Jack and Jill

Rated 4.0 If Jack and Jill were competing on The Amazing Race, you’d be praying for their elimination. This bickering twosome—one passive-aggressive and the other a bitch—can never leave well enough alone, and we get to watch it all unfold. This wasn’t always the case with Jack and Jill. The two start out tentatively. Jonathan Rhys Williams and Stephanie Gularte portray relationship-weary warriors who meet in the library. Jack pursues; Jill resists. Love triumphs. Then it sours. Then it renews. Then it wilts again. Their relationship moves through romance, squabbles, marriage, squabbles, reconciliation and more squabbles. As their names suggest, Jack and Jill’s relationship has been up the hill and back down a couple of times.

Playwright Jane Martin illustrates each stage of this relationship through short scenes and sharp dialogue. Judging by the nods, nudges and nervous laughs some couples in the audience exchanged on opening night, Martin hit some sensitive chords.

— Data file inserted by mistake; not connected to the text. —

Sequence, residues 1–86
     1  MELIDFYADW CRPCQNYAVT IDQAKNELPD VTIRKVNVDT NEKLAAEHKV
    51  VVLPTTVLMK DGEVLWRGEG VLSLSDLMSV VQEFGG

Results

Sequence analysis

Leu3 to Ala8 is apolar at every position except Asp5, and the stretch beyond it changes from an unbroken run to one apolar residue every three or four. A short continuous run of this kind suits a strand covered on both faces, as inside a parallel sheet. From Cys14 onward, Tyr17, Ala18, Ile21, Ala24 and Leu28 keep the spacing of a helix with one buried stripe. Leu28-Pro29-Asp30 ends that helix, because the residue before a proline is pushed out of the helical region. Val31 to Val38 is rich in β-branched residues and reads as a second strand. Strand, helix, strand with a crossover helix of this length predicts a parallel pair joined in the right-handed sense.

With Jack and Jill, Delta King Theatre deftly delivers what it’s best known for: an accessible play that examines relationships, most notably the yin and yang of men and women. Director Peter Mohrmann keeps a tight rein on the quick scenes, sharp repartees, clever staging and smart performances by Williams and Gularte.

Ultimately, even with solid performances, neither actor can make these unsympathetic characters likable. Jack and Jill’s ups and downs become wearisome. It’s like getting a restaurant table next to a bickering couple. It may be entertaining for a while, but by the end, you really don’t care if their relationship lasts. You’re just glad you’re not going home with either one.